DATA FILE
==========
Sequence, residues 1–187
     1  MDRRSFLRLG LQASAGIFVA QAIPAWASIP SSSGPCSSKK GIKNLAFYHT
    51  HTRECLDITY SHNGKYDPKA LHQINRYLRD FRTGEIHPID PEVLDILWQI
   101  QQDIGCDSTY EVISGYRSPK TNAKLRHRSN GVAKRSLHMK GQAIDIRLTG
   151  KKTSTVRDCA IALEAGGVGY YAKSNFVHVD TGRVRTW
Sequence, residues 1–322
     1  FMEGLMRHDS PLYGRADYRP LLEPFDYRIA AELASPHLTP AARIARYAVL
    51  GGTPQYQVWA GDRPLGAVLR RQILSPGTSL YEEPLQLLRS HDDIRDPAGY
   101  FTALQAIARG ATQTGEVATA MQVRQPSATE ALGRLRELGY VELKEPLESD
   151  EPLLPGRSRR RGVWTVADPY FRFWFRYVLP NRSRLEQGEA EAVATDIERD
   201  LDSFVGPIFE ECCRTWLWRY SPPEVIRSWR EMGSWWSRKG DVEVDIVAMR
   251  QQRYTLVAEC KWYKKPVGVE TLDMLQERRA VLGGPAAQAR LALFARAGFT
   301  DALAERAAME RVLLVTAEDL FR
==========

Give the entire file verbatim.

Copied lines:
Sequence, residues 1–187
     1  MDRRSFLRLG LQASAGIFVA QAIPAWASIP SSSGPCSSKK GIKNLAFYHT
    51  HTRECLDITY SHNGKYDPKA LHQINRYLRD FRTGEIHPID PEVLDILWQI
   101  QQDIGCDSTY EVISGYRSPK TNAKLRHRSN GVAKRSLHMK GQAIDIRLTG
   151  KKTSTVRDCA IALEAGGVGY YAKSNFVHVD TGRVRTW
Sequence, residues 1–322
     1  FMEGLMRHDS PLYGRADYRP LLEPFDYRIA AELASPHLTP AARIARYAVL
    51  GGTPQYQVWA GDRPLGAVLR RQILSPGTSL YEEPLQLLRS HDDIRDPAGY
   101  FTALQAIARG ATQTGEVATA MQVRQPSATE ALGRLRELGY VELKEPLESD
   151  EPLLPGRSRR RGVWTVADPY FRFWFRYVLP NRSRLEQGEA EAVATDIERD
   201  LDSFVGPIFE ECCRTWLWRY SPPEVIRSWR EMGSWWSRKG DVEVDIVAMR
   251  QQRYTLVAEC KWYKKPVGVE TLDMLQERRA VLGGPAAQAR LALFARAGFT
   301  DALAERAAME RVLLVTAEDL FR